The old saying goes, “For every job, there is a tool.” In targeted cyber operations, the tools are often custom-designed for the specific job they’re doing. For example, Stuxnet zeroed in on a specific product made by a specific manufacturer as used in a specific country during a specific time period.
These tools are often devastating because they are tailored for the exact target at which they are aimed, and they have often taken into consideration the target’s defensive posture in order to neutralize it. But a new report by the UK’s National Cyber Security Centre (NCSC) draws attention to almost the opposite problem – the danger posed by a proliferation of generic, publicly available hacking tools that threat actors of all skill levels can, and indeed are, using with increased frequency and success.
The NCSC’s October 11 report, which was the result of a joint effort by the so-called Five Eyes governments (Australia, Canada, New Zealand, the U.K, and the U.S.), highlights five commonly seen, publicly available tools, all used after initial compromise. The report provides advice on how to limit their effectiveness.
The trend in the increased use of public tools is one we have noticed and are following at Cylance. In this blog post, we’ll take a look at the five tools identified by the Five Eyes and offer some commentary from the NCSC’s Report.
RATs (Remote Access Trojans)
Often used in the early stages of a campaign, RATs allow the threat actor to assume remote control of a target system. They carry a host of variable features which allow for theft of credentials, installation of backdoors, etc.
NCSC highlights JBiFrost, a variant of Adwind, which in turn is derived from Frutas. NCSC says that it is most commonly used by low-level threat actors but could also be adopted by state actors. NCSC says several well-known APT groups are known to use other RATs (and the ones they mention have been associated in public security research with Chinese actors).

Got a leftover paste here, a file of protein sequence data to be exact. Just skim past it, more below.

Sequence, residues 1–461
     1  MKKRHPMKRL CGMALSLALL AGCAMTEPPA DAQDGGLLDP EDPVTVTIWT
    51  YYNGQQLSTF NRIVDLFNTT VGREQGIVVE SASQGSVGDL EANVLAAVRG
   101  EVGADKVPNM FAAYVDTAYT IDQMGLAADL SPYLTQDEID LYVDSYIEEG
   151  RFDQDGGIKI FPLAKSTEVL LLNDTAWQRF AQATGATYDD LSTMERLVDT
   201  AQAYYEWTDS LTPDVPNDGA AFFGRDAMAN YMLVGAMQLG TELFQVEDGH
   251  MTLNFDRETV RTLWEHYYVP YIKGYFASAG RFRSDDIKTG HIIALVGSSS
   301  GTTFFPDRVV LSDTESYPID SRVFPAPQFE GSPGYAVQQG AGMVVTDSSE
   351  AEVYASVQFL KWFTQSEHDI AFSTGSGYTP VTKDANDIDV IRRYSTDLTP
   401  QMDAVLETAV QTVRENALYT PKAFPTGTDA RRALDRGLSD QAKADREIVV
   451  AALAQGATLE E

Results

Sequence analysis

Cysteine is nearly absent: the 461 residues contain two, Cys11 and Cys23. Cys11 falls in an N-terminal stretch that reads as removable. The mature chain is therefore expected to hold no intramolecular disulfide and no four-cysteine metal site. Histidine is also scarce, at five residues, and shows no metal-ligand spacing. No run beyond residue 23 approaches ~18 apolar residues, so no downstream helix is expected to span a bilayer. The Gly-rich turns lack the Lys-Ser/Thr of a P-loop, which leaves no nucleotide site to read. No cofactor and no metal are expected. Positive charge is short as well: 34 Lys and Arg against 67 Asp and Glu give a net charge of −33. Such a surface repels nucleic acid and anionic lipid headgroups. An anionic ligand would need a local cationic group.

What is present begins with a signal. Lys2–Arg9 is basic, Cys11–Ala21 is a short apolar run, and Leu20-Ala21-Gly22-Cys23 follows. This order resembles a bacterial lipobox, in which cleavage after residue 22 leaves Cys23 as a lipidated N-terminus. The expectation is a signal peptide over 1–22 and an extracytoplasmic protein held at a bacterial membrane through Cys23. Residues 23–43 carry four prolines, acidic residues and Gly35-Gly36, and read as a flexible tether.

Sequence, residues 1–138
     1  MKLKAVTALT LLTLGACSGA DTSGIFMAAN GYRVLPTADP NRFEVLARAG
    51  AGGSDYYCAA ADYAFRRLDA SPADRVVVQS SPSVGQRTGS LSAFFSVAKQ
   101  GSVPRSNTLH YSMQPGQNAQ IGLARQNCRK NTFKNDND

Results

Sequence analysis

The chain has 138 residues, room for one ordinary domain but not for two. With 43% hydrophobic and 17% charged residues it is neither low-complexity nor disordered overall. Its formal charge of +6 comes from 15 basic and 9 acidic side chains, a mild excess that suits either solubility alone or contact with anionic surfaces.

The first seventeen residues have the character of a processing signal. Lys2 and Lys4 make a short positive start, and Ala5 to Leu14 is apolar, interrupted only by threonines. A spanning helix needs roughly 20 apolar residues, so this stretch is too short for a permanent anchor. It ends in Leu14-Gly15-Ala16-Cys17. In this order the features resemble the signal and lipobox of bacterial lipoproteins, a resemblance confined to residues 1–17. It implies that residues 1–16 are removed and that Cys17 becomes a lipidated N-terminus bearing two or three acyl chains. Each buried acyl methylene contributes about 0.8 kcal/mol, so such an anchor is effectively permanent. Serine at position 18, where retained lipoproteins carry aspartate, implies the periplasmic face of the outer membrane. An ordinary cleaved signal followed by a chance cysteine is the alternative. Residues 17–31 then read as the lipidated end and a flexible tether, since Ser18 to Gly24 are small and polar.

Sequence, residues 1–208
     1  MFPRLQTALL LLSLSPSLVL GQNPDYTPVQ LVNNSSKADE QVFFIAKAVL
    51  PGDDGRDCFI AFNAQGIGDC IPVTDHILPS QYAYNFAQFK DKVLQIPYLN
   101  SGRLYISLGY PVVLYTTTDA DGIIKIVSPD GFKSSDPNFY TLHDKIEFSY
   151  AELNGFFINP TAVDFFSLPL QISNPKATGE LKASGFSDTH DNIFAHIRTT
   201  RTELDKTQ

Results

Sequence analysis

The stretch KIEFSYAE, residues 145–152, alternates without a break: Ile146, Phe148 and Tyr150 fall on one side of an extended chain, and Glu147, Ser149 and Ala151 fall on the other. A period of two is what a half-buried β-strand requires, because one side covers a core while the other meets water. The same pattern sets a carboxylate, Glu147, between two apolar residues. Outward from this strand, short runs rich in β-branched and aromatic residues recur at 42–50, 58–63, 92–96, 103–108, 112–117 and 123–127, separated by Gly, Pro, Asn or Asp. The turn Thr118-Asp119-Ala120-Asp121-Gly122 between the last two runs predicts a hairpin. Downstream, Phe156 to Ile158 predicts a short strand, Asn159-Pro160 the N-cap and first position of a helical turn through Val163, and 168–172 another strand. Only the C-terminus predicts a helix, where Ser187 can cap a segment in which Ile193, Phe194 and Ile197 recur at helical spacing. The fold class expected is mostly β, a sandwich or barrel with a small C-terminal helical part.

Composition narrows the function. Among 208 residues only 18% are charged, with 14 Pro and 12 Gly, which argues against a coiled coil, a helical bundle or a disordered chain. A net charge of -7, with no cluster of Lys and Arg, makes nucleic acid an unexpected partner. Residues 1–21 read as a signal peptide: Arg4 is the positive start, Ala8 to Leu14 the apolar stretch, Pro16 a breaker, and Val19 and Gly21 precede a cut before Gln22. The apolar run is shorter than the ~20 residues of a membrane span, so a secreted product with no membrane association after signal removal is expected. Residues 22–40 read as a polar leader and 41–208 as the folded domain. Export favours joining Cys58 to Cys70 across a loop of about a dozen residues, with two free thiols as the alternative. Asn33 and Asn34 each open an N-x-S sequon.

They conclude by saying, “Since early 2018, we have observed an increase in JBiFrost being used in targeted attacks against critical national infrastructure owners and their supply chain operators.”
These are scripts which also allow remote access and are often used early in attacks or campaigns in order to establish presence before moving laterally. They frequently target web servers.
NCSC’s example is China Chopper. They point out that it has been in widespread use since 2012, and is lightweight and easily modified. NCSC says, “In summer 2018, threat actors were observed targeting public-facing web servers vulnerable to CVE-2017-3066. The activity was related to a vulnerability in the web application development platform Adobe ColdFusion, which enabled remote code execution. China Chopper was intended as the second-stage payload, delivered once servers had been compromised, allowing the attacker remote access to the victim host.”
These are any tools that are designed to collect credential information, either in plain text or in hashed form, including keyloggers.
The example given by NCSC is Mimikatz. NCSC explains how it works and that it was developed as a pentesting tool but has since been adopted by threat actors. They say, “Mimikatz was used in conjunction with other hacking tools in the 2017 NotPetya and BadRabbit ransomware attacks to extract administrator credentials held on thousands of computers.”
Lateral Movement Frameworks
Just as the name suggests, these tools allow the threat actor to move within the network after the initial compromise.
NCSC mentions PowerShell Empire as an example, while also giving special mention to Cobalt Strike and Metasploit, all of which were designed by pentesters for network defense but which, like Mimikatz, have also been adopted by malicious actors.